Fish numbers up as weed control improves Burdekin waterway

Latest monitoring results show that ongoing work to improve the health of Sheepstation Creek, near Ayr, is improving native fish populations.

Since 2013 NQ Dry Tropics has worked with Burdekin Shire Council, Lower Burdekin Water and local landowners to remove weeds, construct fishways, replenish fish stocks, and reduce levels of excess irrigation water that can help weeds multiply.

This work is part of the Reef Rescue Systems Repair project, funded through the Australian Government’s Reef Program.

NQ Dry Tropics’ Systems Repair Project Manager Scott Fry said the survey results were great news for local fishers – but added that more work was needed to ensure Sheepstation Creek’s long-term health.

The TropWATER boat in action

“The fish survey, carried out by TropWATER in October, found 21 native species – three more than when we last surveyed in 2003.  We also found more species in the bottom lagoon, which indicates that the fishways have been doing their job,” Mr Fry said.

“This is great news because many fish species migrate from the ocean to  these freshwater wetlands to complete parts of their lifecycle. The barramundi is the most iconic, of course.

“There are still a further 13 migratory fish species that should be in this creek. We need a big wet season to help these species migrate from the ocean up the creek,” he said.

Mr Fry added that Sheepstation Creek flows into the Great Barrier Reef Lagoon, and is an important nursery for juvenile species including barramundi and mangrove jack, which help keep tilapia populations in check.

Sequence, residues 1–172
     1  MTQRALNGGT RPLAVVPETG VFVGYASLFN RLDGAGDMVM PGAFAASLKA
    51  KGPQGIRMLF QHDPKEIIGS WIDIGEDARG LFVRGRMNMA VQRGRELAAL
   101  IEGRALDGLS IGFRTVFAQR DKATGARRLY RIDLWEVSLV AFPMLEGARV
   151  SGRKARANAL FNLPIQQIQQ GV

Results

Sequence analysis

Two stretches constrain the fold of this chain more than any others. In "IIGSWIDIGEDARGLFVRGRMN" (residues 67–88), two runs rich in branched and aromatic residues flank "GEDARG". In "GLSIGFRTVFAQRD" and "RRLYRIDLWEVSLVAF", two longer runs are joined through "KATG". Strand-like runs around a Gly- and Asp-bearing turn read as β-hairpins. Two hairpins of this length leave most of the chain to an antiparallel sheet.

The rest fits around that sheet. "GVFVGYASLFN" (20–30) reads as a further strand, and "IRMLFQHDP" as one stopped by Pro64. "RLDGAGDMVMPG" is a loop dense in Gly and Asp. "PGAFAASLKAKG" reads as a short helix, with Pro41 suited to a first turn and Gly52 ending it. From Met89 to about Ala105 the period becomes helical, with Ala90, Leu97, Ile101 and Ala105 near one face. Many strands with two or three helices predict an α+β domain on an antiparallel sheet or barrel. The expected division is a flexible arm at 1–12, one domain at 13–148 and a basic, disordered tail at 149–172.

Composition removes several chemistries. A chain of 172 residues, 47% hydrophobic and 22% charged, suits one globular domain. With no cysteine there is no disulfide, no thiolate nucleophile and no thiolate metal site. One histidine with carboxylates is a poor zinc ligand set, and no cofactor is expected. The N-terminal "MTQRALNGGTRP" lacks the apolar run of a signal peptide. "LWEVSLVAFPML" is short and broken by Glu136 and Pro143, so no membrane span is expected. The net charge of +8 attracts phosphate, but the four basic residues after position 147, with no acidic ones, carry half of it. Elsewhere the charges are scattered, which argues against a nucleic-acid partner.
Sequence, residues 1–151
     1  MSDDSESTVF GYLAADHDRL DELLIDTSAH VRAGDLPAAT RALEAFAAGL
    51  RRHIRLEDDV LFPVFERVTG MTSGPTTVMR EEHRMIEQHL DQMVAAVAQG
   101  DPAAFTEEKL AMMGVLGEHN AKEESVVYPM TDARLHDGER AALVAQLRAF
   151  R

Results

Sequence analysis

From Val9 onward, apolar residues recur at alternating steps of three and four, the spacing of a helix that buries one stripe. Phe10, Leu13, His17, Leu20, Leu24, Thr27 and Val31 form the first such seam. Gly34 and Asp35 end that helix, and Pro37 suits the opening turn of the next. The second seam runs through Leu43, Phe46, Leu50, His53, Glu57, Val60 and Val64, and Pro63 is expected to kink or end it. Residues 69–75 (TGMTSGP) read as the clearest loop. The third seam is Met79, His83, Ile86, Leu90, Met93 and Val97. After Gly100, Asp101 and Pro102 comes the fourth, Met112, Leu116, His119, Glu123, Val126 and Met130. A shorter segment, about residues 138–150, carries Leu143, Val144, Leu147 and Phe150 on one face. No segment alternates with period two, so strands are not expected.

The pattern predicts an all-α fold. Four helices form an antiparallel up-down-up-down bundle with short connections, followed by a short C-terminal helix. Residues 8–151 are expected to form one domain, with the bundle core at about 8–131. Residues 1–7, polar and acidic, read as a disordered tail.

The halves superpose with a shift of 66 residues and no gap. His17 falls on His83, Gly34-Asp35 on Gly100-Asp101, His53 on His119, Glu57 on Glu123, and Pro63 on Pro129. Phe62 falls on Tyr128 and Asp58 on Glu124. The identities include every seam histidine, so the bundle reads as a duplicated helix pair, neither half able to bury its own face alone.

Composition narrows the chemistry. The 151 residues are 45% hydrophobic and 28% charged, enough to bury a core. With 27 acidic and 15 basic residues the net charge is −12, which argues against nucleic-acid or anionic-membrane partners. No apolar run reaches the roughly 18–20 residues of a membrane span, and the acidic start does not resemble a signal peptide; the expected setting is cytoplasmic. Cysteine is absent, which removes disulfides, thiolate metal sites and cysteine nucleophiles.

“We ask the community to view these lagoons as nurseries and only take these natives from saltwater reaches once they have reached maturity and have bred – they also taste a lot better than freshwater fish.

“Unfortunately we surveyed large numbers of the invasive tilapia at several sites, however, our efforts to increase creek bank vegetation will also help keep numbers down, as it creates preferential habitat for natives. Any farmer interested in planting trees along their creek bank can contact me at NQ Dry Tropics,” he said.

For more information about the Systems Repair project or the electrofishing survey, please contact Scott Fry on scott.fry@nqdrytropics.com.au or call 0478 119 499.

Main photo: Dr Nathan Waltham, from TropWATER, with a barra from a previous electrofishing survey.